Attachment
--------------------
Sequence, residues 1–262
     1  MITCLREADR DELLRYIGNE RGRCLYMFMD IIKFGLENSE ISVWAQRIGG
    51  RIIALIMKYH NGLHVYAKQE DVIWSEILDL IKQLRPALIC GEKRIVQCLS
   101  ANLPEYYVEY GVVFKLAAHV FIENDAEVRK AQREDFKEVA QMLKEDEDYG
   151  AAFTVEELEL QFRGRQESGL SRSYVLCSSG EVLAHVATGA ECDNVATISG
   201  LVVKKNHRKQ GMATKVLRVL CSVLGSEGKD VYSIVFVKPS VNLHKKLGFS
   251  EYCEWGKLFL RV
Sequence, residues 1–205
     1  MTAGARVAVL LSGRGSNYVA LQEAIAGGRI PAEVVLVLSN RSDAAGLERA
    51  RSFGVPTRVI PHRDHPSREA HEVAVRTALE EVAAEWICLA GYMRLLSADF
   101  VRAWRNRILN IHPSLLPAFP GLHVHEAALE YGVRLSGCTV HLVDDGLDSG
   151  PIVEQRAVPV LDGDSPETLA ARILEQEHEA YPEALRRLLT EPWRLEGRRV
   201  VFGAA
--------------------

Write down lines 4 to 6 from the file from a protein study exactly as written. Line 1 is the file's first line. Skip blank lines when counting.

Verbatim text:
   101  ANLPEYYVEY GVVFKLAAHV FIENDAEVRK AQREDFKEVA QMLKEDEDYG
   151  AAFTVEELEL QFRGRQESGL SRSYVLCSSG EVLAHVATGA ECDNVATISG
   201  LVVKKNHRKQ GMATKVLRVL CSVLGSEGKD VYSIVFVKPS VNLHKKLGFS